Gig companies are now obsessed with profits, not just revenue growth, an analyst says.

For years, gig economy businesses grew at a breakneck pace, racking up losses in the hope that profits would one day roll in.

But now these companies are focusing on profitability rather than growth, says Michael Morton, senior research analyst for Internet stocks at MoffettNathanson.

“These companies are coming of age. Not where they don’t have growth in their future, but to mature beyond growth at all costs and show shareholder profitability growth now,” Morton recently told Yahoo Finance. (See video above)

Over the past decade, businesses in the gig economy have exploded. For example, Uber (Uber) recently announced $116 billion in gross bookings. That compares to the $19.23 billion the company disclosed the year it went public.

“It was a pace where you were growing as fast as you could and hiring people as fast as humanly possible, and at some point when the rate of growth starts to slow down, you see an increased focus on profitability” , Morton said. “The market has been rewarding companies like this for a very long time, especially private markets, for growing. Don’t worry about profits.

Morton says there are several signs gig economy businesses are pivoting toward profitability. In particular, he pointed to DoorDash (Dash) CEO Tony Xu’s letter to employees in November, which announced layoffs and indicated that the company would reduce its focus on revenue:

“As our business continues to grow rapidly, given how quickly we’ve been hiring, our operating expenses — if not reduced — will continue to outpace our revenues,” Xu wrote.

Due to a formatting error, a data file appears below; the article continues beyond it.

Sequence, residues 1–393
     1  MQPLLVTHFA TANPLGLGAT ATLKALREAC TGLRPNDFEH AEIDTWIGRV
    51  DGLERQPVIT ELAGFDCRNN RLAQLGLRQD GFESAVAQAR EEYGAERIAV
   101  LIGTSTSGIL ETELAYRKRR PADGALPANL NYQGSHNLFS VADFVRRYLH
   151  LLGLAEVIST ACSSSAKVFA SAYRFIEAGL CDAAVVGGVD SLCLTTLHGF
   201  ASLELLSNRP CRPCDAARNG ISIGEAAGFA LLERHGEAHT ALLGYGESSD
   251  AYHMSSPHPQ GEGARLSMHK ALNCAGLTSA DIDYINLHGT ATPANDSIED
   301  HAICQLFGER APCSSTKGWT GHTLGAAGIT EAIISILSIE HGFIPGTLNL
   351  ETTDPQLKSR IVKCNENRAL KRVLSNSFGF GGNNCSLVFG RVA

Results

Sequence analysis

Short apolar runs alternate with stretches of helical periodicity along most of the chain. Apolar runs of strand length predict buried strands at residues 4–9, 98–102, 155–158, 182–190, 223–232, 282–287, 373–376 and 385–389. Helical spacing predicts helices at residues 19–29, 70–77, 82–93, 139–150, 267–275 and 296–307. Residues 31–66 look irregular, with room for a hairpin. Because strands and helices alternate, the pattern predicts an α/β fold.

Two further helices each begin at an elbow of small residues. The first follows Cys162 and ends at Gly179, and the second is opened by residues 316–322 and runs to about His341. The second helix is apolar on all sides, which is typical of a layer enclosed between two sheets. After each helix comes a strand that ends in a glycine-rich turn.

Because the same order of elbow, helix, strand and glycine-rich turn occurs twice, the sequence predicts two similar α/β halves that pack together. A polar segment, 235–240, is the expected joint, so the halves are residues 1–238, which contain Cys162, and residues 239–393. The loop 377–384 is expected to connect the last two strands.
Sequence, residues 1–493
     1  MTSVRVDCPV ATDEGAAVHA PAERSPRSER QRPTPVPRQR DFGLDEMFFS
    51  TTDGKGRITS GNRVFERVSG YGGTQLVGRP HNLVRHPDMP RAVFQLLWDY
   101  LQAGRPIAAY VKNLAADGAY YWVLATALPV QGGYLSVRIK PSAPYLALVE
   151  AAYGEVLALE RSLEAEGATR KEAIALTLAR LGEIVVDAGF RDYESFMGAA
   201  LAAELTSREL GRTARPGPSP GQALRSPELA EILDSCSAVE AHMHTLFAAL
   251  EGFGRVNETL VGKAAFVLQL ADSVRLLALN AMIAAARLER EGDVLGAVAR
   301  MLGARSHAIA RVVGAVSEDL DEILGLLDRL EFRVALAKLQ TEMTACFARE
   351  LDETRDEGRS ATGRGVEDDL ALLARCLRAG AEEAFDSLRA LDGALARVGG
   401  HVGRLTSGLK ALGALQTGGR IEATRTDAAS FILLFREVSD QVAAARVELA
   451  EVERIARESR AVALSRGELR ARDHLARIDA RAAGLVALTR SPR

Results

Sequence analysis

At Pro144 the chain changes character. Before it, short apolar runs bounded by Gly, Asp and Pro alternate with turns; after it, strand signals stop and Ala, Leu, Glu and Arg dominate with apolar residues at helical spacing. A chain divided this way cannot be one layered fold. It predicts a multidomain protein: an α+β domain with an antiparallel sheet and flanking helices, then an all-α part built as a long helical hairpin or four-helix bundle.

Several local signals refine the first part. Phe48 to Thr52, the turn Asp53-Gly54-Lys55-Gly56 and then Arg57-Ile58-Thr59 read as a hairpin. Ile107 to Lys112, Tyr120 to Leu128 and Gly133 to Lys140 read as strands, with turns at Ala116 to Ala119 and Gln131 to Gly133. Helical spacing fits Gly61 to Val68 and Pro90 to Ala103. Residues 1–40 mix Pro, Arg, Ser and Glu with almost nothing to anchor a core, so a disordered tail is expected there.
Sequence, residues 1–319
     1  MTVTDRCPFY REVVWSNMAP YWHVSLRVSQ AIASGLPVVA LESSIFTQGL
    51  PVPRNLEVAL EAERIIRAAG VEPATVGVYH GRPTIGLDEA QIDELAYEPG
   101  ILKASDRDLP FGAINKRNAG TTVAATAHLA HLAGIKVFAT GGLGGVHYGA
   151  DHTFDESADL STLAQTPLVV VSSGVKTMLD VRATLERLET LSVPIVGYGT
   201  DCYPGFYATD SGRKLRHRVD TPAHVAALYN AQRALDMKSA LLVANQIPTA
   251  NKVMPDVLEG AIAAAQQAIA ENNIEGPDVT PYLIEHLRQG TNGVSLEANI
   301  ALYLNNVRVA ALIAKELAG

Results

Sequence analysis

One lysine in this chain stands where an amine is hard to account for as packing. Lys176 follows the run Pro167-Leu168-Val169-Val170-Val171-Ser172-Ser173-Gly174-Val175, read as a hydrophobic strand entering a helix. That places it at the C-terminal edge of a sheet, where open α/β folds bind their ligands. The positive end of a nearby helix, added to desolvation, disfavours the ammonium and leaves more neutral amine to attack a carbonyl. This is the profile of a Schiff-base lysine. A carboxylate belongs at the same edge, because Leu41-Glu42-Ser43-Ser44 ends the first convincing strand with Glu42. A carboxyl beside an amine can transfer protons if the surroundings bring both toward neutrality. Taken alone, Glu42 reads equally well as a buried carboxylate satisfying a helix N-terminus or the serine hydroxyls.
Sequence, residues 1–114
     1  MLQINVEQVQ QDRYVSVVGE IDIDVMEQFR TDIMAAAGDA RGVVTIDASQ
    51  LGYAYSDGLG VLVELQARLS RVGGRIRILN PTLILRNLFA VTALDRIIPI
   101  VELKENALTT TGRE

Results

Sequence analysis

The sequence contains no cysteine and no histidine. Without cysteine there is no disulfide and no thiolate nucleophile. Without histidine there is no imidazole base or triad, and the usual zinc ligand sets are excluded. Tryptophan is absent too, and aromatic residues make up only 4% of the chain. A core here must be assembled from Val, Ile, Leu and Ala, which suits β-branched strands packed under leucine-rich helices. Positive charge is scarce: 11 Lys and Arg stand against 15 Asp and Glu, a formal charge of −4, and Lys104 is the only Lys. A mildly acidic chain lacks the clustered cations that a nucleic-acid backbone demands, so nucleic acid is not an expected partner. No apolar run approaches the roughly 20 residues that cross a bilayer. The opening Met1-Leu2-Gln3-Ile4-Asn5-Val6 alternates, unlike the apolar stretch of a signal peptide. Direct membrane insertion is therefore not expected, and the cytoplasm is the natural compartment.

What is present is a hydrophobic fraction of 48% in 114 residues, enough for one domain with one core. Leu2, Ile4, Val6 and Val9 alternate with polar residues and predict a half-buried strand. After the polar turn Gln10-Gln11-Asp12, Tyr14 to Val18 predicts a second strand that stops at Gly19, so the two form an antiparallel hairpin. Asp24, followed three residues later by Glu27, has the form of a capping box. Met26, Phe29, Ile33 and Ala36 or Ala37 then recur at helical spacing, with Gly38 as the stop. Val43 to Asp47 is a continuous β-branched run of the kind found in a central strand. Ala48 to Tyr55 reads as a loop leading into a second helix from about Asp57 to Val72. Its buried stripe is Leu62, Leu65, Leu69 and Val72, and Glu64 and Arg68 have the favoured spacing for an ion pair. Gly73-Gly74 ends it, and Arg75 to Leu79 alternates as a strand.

Morton also quoted several tweets from the CTO, co-founder and CEO of Uber. For example, in a letter to employees last year, Uber CEO Dara Khosrowshahi wrote, “Now it’s about free cash flow. We can and must get there quickly,” according to CNBC’s information.

Yet neither company has achieved profitability to date. For example: Uber reported a loss of approximately $270 based on EBITDA for the quarter ended September 30. DoorDash: a loss of $190 million, according to Bloomberg, for the same period.

Worse still, amid the recent labor shortage, these companies have struggled to find workers. For example, during the pandemic, Uber and Lyft (LYFT) lost more than 60% of their drivers and today remain below pre-pandemic levels, according to Business Insider reports. Meanwhile, post-pandemic, Doordash also reported difficulty finding ‘shooters’ to deliver food

“DoorDash did a little better due to the fact that picking up a bag of food is less intimidating than allowing a stranger into your car,” Morton said.

During an economic downturn, Morton said gig economy businesses could see an increase in workers looking to supplement their incomes.

On the other hand, Morton noted that if the economy slows, it could derail profit-driven gig businesses. Indeed, consumers might find themselves less likely to use services like Uber or DoorDash in difficult times.

“It’s no secret that it’s more expensive to take an Uber across town from the East Village (in New York City) to the West Village compared to a 3L train,” Morton said. “Or what about picking up food instead of having it delivered?” If you’re talking about McDonald’s, our report shows an 80% price increase between picking it up in real life or ordering it from Uber or DoorDash. »

Still, Morton points out that in the past, similar services have shown resilience in the face of economic downturns. For example, taxi spending in 2008-2009 fell only slightly, according to a recent report by MoffettNathanson.

Simply put, gig-age companies could still succeed in their quest for profitability, even in the face of an uncertain economic outlook.

Dylan Croll is a journalist and researcher at Yahoo Finance. Follow him on Twitter at @CrollonPatrol.

Click here for the latest stock market trends from the Yahoo Finance platform.

Read the latest financial and business news from Yahoo Finance.

Download the Yahoo Finance app to Apple or android.

Follow Yahoo Finance on Twitter, Facebook, instagram, LinkedInand Youtube.

#Gig #companies #obsessed #profits #revenue #growth #analyst

Leave a Comment

Your email address will not be published. Required fields are marked *